Wrongful Death in the State of Florida

There is no greater pain than the loss of a loved one, especially if their death occurs under negligent circumstances. In some cases of wrongful death, you may be able to entitled compensation. But before seeking legal counsel, it’s important to understand the laws in the state of Florida that pertain to wrongful death and your unique situation.

What is a ‘Wrongful Death’ Claim and Who Can Bring it to Court?

Wrongful death is when a person dies due to the misconduct or negligence of another party. A wrongful death claim is when a civil lawsuit is brought to court for the latter’s negligence. In the state of Florida, wrongful death can also be caused by a wrongful act, breach of contract, and default. The estate of the deceased person, typically close relatives, can then bring a civil lawsuit to the Florida court system and seek legal recourse for the death and the losses incurred from it.

If the person who is deceased did not have a will or estate plan that names any individual as the executor of their estate, then the court will appoint a representative to take that role. The executor of the estate files the claim on behalf of every survivor who has an interest in the case. In Florida, these individuals include the deceased person’s: parents, spouse, children, and any blood relative or adopted sibling who is dependent upon the deceased for support or services, partly or wholly. In instances where the deceased had a child outside of marriage, there are different parameters. The surviving child can recover damages in the case of a deceased mother, but if the father dies the child can only recover damages if they were formally recognized by the father and if the father was required to pay child support for that child.

Compensation in the State of Florida and Statute of Limitations.

You’ll often hear the word “damages” in regard to civil lawsuits. Damages are the monetary award paid to a person as a result of loss or injury. In wrongful death cases, financial injury is the main measure of damages, also known as “pecuniary injury.” Pecuniary injury in the state of Florida includes the following:

  • Loss of support or services provided by the deceased
  • Medical and funeral expenses incurred as a result of the death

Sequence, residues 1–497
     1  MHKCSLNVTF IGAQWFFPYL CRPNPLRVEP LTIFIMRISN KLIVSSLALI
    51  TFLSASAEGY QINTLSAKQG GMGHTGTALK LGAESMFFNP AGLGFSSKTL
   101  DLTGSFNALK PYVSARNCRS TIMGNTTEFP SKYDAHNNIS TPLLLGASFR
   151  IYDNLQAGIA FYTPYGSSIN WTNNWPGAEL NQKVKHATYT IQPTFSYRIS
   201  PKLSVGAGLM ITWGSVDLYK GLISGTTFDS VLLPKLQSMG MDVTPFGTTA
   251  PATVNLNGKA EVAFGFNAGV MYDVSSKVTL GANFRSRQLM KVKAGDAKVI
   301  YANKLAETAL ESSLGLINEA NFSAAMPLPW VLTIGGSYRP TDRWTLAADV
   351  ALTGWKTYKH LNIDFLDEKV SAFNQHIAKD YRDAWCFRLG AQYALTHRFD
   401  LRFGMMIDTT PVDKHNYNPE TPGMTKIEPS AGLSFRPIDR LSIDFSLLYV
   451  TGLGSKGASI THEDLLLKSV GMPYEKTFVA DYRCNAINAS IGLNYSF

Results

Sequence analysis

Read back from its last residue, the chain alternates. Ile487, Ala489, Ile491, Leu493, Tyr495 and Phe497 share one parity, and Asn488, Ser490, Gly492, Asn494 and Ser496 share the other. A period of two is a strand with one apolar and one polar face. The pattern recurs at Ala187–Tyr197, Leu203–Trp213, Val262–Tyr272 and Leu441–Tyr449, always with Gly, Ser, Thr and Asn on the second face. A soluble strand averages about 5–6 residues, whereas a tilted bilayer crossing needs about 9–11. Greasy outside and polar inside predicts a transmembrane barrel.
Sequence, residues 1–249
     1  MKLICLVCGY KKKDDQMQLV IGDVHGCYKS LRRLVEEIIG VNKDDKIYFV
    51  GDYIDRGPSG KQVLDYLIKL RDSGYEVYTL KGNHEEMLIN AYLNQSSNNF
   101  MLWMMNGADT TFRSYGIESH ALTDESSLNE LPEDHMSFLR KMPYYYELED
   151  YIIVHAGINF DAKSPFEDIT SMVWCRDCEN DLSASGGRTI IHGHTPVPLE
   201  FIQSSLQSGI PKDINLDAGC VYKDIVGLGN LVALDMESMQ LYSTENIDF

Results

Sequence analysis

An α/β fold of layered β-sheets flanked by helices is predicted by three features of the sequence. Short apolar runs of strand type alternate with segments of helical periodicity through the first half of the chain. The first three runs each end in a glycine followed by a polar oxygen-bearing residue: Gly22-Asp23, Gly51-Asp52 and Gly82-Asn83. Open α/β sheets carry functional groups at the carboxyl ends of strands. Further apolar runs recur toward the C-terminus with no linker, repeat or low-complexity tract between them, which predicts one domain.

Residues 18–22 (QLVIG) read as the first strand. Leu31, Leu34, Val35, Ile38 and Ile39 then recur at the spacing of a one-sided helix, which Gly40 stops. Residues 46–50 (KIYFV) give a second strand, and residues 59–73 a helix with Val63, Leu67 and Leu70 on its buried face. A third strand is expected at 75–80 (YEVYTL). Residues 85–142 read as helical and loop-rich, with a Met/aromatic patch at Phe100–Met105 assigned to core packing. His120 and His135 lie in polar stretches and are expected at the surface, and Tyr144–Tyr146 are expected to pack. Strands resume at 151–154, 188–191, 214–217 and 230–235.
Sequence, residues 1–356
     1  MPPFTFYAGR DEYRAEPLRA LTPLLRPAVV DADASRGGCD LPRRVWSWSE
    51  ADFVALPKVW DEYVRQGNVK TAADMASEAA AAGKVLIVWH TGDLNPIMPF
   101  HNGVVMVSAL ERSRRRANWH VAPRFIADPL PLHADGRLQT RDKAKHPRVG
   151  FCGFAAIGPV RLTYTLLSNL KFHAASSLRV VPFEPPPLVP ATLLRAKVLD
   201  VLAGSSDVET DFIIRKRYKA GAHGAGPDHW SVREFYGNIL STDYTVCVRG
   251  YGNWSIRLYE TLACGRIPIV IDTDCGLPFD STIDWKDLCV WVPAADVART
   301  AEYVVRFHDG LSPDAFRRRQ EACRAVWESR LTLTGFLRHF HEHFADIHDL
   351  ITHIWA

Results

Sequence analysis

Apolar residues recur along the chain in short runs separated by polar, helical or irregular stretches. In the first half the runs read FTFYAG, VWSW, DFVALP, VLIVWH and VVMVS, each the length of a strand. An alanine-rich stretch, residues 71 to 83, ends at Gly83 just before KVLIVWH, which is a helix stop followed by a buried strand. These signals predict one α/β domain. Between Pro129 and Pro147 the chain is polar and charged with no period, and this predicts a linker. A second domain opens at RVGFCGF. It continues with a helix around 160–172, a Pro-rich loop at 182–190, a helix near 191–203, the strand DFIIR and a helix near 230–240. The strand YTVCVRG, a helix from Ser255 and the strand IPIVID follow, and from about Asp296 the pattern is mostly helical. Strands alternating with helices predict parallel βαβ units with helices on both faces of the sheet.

• Mental and emotional pain and suffering
  • Loss of companionship, guidance, and protection provided by the deceased

The estate may also recover damages for loss of wages, loss of benefits, and other earnings, including those that the deceased person could have realistically been expected to make or collect if they had lived.

Understanding the statute of limitations as it pertains to wrongful death cases in Florida is imperative, otherwise you risk losing your right to bring your case to court. In Florida, a wrongful death case must be filed within two years of the date of death. This deadline may be postponed (or “tolled”) under especially specific circumstances. If you feel that your situation may apply for a postponement, you need to seek out Armour Law Group for guidance.

Hiring an Attorney

There are some key aspects that you need to look for when hiring an attorney for your wrongful death claim. Listed below are some important questions to ask when researching which firm may be right for you:

  • Are they experienced in handling your type of case? If this death was the result of medical negligence or malpractice, you’ll want to find someone who’s knowledgeable and experienced in that type of law.
  • How much time do they have to dedicate to your case? Will they be able to focus on you and provide your families case during these trying times.

You may also want to look into online reviews from past clients, their reputation amongst other attorneys in the community, and if there is any outstanding disciplinary action against the attorney.

If your loved one has passed away due to the negligence or misconduct of another individual, company, or entity, you may want to consider taking legal action against those responsible.

If you think you have a wrongful death claim, contact Armour Law Group, Lake Nona personal injury attorney today.

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